Hydrogen grid

Hydrogen powered grid to come to eastern Canada

New Brunswick Power has launched plans to introduce hydrogen to the grid as baseload power.
Published: Tue 05 Mar 2019

While the role of hydrogen in the future energy system is still a topic of discussion and small-scale projects are being introduced in locations such as Orkney and Shetland Islands in Scotland, Canada’s New Brunswick utility NB Power is stepping in big time.

In a project with Kennedy Space Centre-based hydrogen technologist Joi Scientific, NB Power plans to develop up to 30 so-called hydrogen 2.0 production stations to supply to the grid as baseload. Hydrogen 2.0 is a term coined by Joi Scientific to refer to liberation of the gas from water in its claimed zero carbon extraction process.

“We are encouraged with the progress made to date on hydrogen 2.0 and are looking forward to the next phase of co-development,” says Gaëtan Thomas, President and CEO of NB Power. “Hydrogen 2.0 has the potential to provide a localised, on-demand hydrogen production capability which, when mixed with other renewable sources such as wind and hydro, gets us closer to our customers by delivering zero-carbon loads at lower cost and greater efficiency.”

Hydrogen grid

The collaboration envisages the deployment of Joi Scientific’s proprietary hydrogen 2.0 production system – few details of which have been made public so far – at multiple distributed stations alongside wind turbines, hydro, and nuclear power to create a net-zero carbon-generating power operation. It also envisages rates will be maintained low and stable in a jurisdiction that does not benefit from large storage hydro capacity.

As a maritime province – on Canada’s east coast – untreated sea water will be used for the hydrogen production, which will occur on site and on demand, i.e. closer to where the energy customers are located and when needed. As such, given the ready availability of coastal seawater, hydrogen 2.0 has the potential to transform the transmission and distribution of electricity, a statement notes.

The initiative follows what Joi Scientific describes as successful third-party verifications of hydrogen 2.0 technology efficiency and throughput by scientific institutions and experts. The companies are planning to work closely together to co-develop and test a commercial prototype unit at Joi Scientific’s labs.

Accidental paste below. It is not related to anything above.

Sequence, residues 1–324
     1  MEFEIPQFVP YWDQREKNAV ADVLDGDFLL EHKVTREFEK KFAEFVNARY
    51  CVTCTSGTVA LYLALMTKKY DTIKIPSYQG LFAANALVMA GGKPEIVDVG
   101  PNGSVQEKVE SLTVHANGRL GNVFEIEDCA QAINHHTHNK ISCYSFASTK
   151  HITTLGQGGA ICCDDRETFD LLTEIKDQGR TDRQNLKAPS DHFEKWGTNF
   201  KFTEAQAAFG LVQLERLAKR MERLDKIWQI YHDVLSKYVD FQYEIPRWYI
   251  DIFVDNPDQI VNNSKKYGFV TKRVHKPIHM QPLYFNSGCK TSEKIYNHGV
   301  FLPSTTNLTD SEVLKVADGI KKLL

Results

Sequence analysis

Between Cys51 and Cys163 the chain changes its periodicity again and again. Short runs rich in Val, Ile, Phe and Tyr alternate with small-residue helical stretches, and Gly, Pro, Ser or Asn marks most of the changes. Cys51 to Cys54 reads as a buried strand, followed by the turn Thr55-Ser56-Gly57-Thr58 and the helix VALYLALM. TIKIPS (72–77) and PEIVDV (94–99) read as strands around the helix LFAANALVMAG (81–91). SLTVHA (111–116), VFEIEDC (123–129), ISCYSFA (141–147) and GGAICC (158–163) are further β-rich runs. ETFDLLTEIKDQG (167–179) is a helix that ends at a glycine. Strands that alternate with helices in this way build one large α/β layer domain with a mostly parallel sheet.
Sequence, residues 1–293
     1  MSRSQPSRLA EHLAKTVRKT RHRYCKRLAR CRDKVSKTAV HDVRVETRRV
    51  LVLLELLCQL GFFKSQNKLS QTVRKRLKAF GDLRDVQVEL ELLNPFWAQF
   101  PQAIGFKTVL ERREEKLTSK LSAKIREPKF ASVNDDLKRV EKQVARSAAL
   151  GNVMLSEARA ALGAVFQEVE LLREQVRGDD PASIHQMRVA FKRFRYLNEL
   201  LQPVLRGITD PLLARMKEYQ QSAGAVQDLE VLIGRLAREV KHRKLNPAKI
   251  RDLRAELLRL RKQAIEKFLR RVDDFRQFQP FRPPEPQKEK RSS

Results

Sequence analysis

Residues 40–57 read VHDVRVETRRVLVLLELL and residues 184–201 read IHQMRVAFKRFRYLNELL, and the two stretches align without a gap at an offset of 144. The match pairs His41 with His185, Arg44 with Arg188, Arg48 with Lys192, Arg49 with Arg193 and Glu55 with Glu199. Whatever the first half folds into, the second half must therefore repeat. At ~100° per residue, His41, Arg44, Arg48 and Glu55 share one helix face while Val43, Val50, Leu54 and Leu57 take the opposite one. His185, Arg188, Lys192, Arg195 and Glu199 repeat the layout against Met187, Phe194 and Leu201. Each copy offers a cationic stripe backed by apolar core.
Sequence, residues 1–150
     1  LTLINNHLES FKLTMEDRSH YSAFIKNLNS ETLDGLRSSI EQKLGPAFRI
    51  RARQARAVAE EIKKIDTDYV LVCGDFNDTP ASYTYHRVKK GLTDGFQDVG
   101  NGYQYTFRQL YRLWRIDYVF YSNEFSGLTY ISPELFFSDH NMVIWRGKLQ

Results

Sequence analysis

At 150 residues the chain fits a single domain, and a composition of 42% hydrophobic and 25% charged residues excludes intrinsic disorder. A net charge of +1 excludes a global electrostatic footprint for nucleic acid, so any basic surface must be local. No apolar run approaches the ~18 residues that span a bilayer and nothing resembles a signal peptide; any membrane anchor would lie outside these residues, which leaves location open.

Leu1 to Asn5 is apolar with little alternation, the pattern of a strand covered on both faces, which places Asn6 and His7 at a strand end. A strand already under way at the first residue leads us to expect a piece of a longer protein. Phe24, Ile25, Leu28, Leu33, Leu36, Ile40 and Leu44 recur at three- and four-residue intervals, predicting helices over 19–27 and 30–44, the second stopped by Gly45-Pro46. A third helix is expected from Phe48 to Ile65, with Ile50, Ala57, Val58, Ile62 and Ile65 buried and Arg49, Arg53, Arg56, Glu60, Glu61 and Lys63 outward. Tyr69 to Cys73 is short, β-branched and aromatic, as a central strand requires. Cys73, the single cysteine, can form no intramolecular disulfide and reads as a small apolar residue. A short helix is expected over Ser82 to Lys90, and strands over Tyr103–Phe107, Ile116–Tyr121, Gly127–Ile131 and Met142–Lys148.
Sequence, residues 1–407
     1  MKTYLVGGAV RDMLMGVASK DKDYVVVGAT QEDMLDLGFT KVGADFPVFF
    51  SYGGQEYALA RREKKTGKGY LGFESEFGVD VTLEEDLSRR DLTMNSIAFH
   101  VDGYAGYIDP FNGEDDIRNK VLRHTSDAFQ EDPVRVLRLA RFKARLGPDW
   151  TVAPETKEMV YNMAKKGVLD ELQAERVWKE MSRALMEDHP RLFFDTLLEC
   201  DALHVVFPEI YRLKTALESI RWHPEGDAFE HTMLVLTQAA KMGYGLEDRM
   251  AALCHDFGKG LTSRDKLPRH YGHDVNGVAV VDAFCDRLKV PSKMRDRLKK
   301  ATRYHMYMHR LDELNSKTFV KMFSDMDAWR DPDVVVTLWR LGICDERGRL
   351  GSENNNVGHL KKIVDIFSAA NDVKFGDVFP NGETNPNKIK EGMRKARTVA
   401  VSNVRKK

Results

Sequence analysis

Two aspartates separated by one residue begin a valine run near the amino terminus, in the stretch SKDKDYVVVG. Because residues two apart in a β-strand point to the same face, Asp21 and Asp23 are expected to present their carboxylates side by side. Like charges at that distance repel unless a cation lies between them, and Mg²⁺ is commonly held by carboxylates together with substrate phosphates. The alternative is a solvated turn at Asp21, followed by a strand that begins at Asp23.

This phase follows an initial license agreement that was signed in 2016, granting NB Power the rights to develop, manufacture, use and sell hydrogen and hydrogen generation systems for large and small electric utility applications using the hydrogen 2.0 technology. The development foresees the utility offering an emissions-free grid architecture combining distributed hydrogen 2.0 baseload generation with smart grid management to other utility operators across North America and beyond.

“This agreement signals the transition of our hydrogen 2.0 technology from the laboratory into full-scale development and commercialisation,” comments Traver Kennedy, CEO of Joi Scientific. “[New Brunswick’s] innovative approach for realising a new zero-carbon distributed grid architecture could provide the blueprint for the way the world generates and consumes electricity going forward.”

Hydrogen opportunities

Hydrogen has the potential to support decarbonisation across power generation, heating, industry and transportation, in particular when produced in a low carbon process such as from renewable power.

While the jury is still out on the power generation potential, when it comes to transportation hydrogen has the potential to provide a viable alternative and competitor to electric power not only for road vehicles but also for rail, shipping and air travel. Indeed, Joi Scientific’s first technology licence was awarded in September 2018 to Florida-based boat and yacht retailer MarineMax to co-develop hydrogen-based energy solutions for the marine industry. Opportunities include auxiliary power for lighting, heating, cooling and cabin services, where the development work is focussed initially, but also propulsion. With its use of sea water, the technology, if found to be sufficiently viable, could provide a significant boost to decarbonising shipping on all scales.

Ultimately, the wider use of hydrogen will depend on its development. Europe’s Fuel Cell and Hydrogen Joint Undertaking sums this up as a “coordinated approach by policymakers, industry and investors” with investments in technologies and kickstarting of deployment across the sectors along with the building of a production supply system.


30 Stations are planned to produce hydrogen, using what kind of electricity ressource? If the electrolysers use baseload electricity no green hydrogen is produced. I am also curious where the hydrogen is used. Is the plan to inject it into the NG grid?